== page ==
My first visit to Grimsby wasn’t exactly optimistic. Firstly I had to google where exactly it is as I had never heard of it. Then after some research I was a bit frightened, reading about the town through various articles saying that it is one of the most deprived areas in the UK to the Sasha Baron Cohen film called Grimsby . I can’t say I was too happy when I got the job but after months of applying for jobs I was desperate for anything that was related to my field. One of the first things I noticed as the train slowly approached the town was the steel works in Scunthorpe and the smoke various other industries. Although London isn’t exactly smoke free I don’t think I have ever seen actual factories I felt like I was seeing a glimpse into the Victorian industrial age, it felt very alien. As I got to know Grimsby I learnt that it used to be at the centre of the fishing industry in the UK and a lot of the residents’ grandparents and those before were fishermen. I soon discovered that a lot of people in the town worked for the various fish factories which include Young’s seafood.
As I settled into working life I knew I would find it difficult to fit in as I stand out as one of the few Black hijabis in town. Living in a small town I soon realised the lack of what I regarded as ‘basic’ knowledge from some individuals. I’m sure we have all heard of the phrase small town small minds well I’m afraid this phrase ran through my mind a couple of times. Let me give a few examples…
‘That woman had negro in her’
‘where are you from Me: London..NO NO where are you from …Me: Nigeria.. Is it not poor where you’re from”
“Are you from India?”
Walking home from work. Random person shouts ‘allahu akbar’
I can’t lie sometimes the comments I have received have been so stupid all I can do is laugh it off. But on a serious note it really made me aware of how little some people know about other ethnicities and religions and I truly felt like an ethnic minority compared to London where you can become delusional thinking that that we live in a ‘multicultural Britain’ . For me this made it very hard to feel relaxed, at ease and comfortable socialising with others as I would feel that I had explain and educate people on information that I have just taken for granted and expected people to know. I think living in a city implants an expectation that everyone has friends of different ethnicities and knows that you can be Black and Muslim therefore it was easy for me to become a bit frustrated and lack patience.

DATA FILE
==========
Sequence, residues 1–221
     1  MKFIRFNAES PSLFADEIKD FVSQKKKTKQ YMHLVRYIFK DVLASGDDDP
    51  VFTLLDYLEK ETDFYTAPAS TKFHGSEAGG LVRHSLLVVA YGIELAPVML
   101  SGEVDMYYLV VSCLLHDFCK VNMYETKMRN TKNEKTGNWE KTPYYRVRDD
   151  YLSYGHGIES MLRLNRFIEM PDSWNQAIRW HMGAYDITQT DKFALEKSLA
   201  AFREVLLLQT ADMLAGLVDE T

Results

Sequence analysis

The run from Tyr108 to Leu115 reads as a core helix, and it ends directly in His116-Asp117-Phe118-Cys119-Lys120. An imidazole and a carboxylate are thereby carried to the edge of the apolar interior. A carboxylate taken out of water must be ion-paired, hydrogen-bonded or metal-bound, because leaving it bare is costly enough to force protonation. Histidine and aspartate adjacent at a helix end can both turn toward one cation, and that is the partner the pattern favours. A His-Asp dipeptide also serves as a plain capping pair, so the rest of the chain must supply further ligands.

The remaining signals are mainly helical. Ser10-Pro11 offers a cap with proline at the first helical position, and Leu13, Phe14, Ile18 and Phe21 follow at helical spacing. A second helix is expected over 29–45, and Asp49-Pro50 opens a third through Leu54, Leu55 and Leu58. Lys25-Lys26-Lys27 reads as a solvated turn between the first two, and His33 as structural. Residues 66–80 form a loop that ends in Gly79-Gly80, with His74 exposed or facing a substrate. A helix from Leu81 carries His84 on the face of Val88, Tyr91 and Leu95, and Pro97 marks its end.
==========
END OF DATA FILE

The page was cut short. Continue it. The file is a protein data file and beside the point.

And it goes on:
In addition because there aren’t many people who look like me it naturally follows that there aren’t as many activities and events for people like me, especially if you don’t drive like myself your stuck in the one town with bad transport links to neighbouring towns. When you’re someone like me who likes going to open mic, poetry and Black history related events and your stuck somewhere that just doesn’t have that type of cultural depth and I’m not exactly going down the pub for a pint so most weekends I would sit with envy scrolling through my Facebook at all the events I missed.
So far I have written mostly negatives, let me get on to some positives…
Although I have ranted about the lack of knowledge and culture I met many people that surprised me with their non-mainstream views. I had a driving instructor who left the country to travel in a van around Europe with his family and free himself from the shackles of taxes, bills and work. I met a ex-solider that saw Britain’s wars as neo-colonial and others that saw the influx of refugees as the least Britain can do considering how much they bomb everyone else. These views really surprised and enlightened me, I never thought that white British working class people who the media usually portrays as white nationalists could see through the propaganda and educate themselves about history. In the Muslim community I was surprised to meet so many white reverts ladies more than I have met in London as well as a Polish Muslim revert who is now a good friend, and I even ended up going to Poland. I never dreamed of stepping into Eastern Europe before I met this sister who really gave me an education in their history.
Another positive is living in the north in CHEAP CHEAP CHEAP. I could afford to live in a 2 bedroom flat by myself; I walked to work, to town and hardly ever had to use public transport. The upside of having no social life is that not having many friends saved me a lot of money that I used to go on holidays.
So as this chapter of my life draws to an end, I believe I have learnt a lot and all these experience will contribute to the tapestry of my life which I hope will help me we the world in all it’s different colours and shades rather than a black and white picture. Would I ever I ever move to a small northern town again? My impulsive answer is NO, but we shall see what new adventures life will throw.